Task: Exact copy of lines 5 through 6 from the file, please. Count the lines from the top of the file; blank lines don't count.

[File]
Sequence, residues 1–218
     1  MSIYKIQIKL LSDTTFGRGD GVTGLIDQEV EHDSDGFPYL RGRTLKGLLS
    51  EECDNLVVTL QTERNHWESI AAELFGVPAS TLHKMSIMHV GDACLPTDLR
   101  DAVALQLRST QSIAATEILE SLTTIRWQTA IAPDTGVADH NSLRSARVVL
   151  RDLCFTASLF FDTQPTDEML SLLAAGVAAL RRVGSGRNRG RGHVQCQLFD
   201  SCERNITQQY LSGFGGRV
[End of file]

   151  RDLCFTASLF FDTQPTDEML SLLAAGVAAL RRVGSGRNRG RGHVQCQLFD
   201  SCERNITQQY LSGFGGRV